The incident narrated here comes right after Jesus gives a series of parables describing what the Kingdom of God, the kingdom He is going to die and rise to bring into being. It all begins with a command, which Jesus disciples obey. “That day when evening came, he said to his disciples, ‘Let us go over to the other side.’ Leaving the crowd behind, they took him along, just as he was, in the boat. There were also other boats with him.” 

Of course, when Jesus issued His command to the disciples, they probably wouldn’t have given it a second thought. Most of them were experiences fishermen accustomed to plying the Galilean waters at night, as He was now commanding them to do at sundown. 

Following Jesus may often seem a simple thing, comfortable. We don’t know what storms may lay ahead

You know what happens next. Verse 37: “A furious squall came up, and the waves broke over the boat, so that it was nearly swamped. Jesus was in the stern, sleeping on a cushion. The disciples woke him and said to him, ‘Teacher, don’t you care if we drown?’” 

We Christians ask a version of that question every time adversity strikes, every time Jesus calls us to do hard things we’d rather not do, uncomfortable things: forgive someone who has hurt us; confront a fellow believer with a hard truth; give sacrificially. “Lord,” we wonder, “don’t you care if we drown? Don’t you care if we lose our comfort? Don't you care if what you're calling me to do could result in killing my reputation, killing my investment portfolio, kill my health, kill me?”

Jesus' answer, quite frankly, is, “No.” The God Who tells us that "whoever wants to save their life will lose it, but whoever loses their life for me will find it," the God Who went to a cross to bear our sins cares more about our character than our comfort

He cares more about our learning to follow Him faithfully than He does about our ease. Our ease can come in eternity.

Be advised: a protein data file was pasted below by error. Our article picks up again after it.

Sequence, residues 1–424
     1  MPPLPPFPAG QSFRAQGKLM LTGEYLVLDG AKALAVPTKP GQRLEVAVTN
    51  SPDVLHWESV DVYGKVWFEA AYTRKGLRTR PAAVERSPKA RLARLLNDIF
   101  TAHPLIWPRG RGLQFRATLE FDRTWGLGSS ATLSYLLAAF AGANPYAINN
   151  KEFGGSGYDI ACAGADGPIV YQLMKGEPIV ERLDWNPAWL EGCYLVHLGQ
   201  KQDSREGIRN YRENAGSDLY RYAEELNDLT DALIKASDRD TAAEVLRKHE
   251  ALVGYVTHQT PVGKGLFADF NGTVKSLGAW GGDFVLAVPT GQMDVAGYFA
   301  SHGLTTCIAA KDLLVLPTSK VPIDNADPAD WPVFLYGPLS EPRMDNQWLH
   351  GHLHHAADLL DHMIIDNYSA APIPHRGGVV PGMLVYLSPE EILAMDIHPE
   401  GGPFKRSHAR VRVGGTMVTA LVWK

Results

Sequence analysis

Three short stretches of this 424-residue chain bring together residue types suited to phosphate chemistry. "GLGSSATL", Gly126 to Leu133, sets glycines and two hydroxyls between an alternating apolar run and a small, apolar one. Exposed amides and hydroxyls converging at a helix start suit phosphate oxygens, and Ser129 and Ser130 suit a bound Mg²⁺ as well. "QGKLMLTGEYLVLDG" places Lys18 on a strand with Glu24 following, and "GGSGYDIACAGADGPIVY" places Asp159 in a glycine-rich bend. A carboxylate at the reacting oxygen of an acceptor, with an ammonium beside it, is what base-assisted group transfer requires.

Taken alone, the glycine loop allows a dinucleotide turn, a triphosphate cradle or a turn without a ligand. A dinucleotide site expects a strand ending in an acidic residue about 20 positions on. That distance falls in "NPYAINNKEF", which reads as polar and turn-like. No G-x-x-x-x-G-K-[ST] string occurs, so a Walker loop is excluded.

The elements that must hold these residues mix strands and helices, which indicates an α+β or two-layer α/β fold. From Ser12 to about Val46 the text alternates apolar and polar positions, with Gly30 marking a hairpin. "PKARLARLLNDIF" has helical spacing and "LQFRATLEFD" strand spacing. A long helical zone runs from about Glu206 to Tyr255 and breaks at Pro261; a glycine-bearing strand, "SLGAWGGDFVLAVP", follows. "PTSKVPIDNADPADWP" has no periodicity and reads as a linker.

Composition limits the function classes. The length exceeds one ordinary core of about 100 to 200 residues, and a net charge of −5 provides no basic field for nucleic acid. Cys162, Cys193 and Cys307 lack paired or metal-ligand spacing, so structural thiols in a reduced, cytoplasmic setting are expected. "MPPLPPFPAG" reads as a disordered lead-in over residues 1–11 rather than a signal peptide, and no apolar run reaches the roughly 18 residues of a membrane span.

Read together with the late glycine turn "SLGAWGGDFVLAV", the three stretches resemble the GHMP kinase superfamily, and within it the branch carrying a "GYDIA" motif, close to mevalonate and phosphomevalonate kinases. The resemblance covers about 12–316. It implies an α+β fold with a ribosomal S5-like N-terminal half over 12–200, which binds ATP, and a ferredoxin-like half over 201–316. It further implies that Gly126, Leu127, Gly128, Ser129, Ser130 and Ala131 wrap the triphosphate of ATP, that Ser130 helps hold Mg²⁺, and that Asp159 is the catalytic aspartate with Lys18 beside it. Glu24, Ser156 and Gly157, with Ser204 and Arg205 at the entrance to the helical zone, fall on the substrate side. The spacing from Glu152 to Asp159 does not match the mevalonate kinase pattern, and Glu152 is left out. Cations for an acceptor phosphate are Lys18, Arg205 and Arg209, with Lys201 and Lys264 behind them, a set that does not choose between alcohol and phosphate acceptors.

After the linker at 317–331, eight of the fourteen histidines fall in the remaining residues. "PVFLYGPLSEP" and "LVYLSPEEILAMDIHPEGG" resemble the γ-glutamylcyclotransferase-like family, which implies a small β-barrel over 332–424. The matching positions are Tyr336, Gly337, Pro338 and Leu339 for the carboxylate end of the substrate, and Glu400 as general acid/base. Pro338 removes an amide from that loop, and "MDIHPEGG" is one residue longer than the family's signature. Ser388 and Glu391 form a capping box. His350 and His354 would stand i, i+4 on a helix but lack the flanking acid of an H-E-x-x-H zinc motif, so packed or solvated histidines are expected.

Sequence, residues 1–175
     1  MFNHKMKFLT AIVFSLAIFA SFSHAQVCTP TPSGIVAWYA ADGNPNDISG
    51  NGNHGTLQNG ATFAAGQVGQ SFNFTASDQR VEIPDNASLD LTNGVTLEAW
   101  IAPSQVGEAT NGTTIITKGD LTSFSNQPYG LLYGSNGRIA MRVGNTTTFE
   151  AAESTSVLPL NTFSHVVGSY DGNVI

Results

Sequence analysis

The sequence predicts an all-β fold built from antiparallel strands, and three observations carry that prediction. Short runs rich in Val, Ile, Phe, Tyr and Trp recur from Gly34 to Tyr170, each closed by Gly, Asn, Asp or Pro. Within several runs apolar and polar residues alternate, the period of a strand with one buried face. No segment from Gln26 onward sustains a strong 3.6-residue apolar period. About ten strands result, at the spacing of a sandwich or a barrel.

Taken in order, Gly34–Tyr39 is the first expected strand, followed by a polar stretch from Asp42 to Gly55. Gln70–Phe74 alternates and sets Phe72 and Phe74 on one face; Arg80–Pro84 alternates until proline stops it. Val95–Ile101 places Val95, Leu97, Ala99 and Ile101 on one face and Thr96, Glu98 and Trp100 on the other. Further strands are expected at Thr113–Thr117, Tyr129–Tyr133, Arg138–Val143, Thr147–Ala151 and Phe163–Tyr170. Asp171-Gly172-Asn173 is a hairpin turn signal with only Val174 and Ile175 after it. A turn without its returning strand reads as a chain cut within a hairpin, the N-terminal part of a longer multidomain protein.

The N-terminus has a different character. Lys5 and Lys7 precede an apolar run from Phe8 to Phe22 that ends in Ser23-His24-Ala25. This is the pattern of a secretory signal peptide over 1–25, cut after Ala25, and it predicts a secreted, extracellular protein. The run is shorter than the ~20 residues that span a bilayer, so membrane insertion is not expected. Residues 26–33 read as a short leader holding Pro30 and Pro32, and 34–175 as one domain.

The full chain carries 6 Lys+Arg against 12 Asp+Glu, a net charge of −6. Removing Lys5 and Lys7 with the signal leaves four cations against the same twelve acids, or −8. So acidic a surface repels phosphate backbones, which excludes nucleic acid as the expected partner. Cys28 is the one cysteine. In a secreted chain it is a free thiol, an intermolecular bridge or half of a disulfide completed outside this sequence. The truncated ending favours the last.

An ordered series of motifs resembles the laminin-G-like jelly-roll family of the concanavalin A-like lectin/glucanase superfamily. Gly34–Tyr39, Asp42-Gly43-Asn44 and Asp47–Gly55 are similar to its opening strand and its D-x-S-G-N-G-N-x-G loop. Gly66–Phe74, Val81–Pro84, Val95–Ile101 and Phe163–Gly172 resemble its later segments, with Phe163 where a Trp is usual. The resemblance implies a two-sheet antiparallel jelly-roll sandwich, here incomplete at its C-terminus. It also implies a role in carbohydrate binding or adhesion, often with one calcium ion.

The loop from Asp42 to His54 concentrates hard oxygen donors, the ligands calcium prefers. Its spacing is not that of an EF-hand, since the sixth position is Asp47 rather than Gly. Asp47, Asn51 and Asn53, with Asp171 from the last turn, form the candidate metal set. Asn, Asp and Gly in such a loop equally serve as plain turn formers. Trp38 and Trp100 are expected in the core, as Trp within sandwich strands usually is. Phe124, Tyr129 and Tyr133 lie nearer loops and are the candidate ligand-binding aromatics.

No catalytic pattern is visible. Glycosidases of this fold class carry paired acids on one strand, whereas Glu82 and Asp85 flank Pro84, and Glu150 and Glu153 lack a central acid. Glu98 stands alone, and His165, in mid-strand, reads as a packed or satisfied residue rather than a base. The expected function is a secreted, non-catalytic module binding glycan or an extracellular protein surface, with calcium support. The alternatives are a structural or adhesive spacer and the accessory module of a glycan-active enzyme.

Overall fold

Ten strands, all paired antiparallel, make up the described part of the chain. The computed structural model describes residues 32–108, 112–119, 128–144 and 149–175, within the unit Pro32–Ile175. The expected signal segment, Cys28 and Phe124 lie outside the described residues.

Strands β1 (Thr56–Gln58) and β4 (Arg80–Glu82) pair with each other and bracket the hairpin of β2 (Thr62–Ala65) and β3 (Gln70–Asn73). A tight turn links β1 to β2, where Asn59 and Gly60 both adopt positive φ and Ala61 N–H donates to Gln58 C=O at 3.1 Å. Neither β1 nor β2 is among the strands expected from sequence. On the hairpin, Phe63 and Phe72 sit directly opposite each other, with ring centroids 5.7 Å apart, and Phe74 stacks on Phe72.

For now, our call is to follow even in the darkest, most difficult times.

Verse 39: “He [Jesus] got up, rebuked the wind and said to the waves, ‘Quiet! Be still!’ Then the wind died down and it was completely calm. He said to his disciples, ‘Why are you so afraid? Do you still have no faith?’” 

When storms come, we wonder how we can survive. We forget that nothing can separate those who trust in Him from the love God gives through Jesus Christ. Nothing.

A young woman, a member of our church in Cincinnati, was dying. She and her husband had two young children. She gave her testimony of faith during worship one Sunday. This was in 1999. She talked about all the things she hoped to be able to see in this world: her children grown, the new millennium. She knew that she might not see any of these earthly hopes come into being. And it saddened her. She tried to understand. Yet she also told us that she was confident that the Lord Who was leading her through her darkest valley would not only lead her to Himself, but also lead her children. She said that she knew that Christ's Church in which her children were baptized would faithfully share Christ with them, forge their characters by the power of the Holy Spirit, and help them to know the eternity of hope we have in Jesus Christ.

After Jesus had sternly spoken to the disciples, they contemplated in awe-filled fear, “Who is this? Even the wind and the waves obey Him?” The answer can be found all through Scripture. But I mention just two places. 

In Psalm 104:7, the psalmist confesses of God, “ your rebuke the waters fled, at the sound of your thunder they took to flight…” 

Genesis 1:1 tells us that God the Holy Spirit moved over the waters of primordial chaos and brought into being peace, order, and life.

The One Who calmed the storm that so frightened the experienced fishermen sailing with Jesus that night was and is God Himself.

Storms, challenges come and go in this life. 

Jesus will sometimes ask us to do things, to endure things, to sacrifice things, which in our own power, we are incapable of doing. 

But, listen: Whenever we can’t, God can

And after the storm, the God we know in Jesus Christ still stands

And so do all who put their faith in Him

They’re the ones who were more concerned with following Jesus than with being comfortable. I pray each day that God will forge me to be one of their number.

What storms are you going through today? 

What is Jesus asking you to do that you don’t believe can be done? 

Is there a comfortable sin for which you need to repent? 

Follow Jesus and let the One Who can still our storms see you through. Amen

*Work is not a punishment for human sin, as some suppose. Human beings, created in the image of God, are meant to share in His work. But after the fall into sin and the world's subjection to futility, work was marred, along with all human enterprises, by futility. In eternity then, God's resurrected people will be restored to our full function in the new creation and once again fulfill our calling to manifest God's image in work marked by purpose, joy, and fulfillment.

No comments: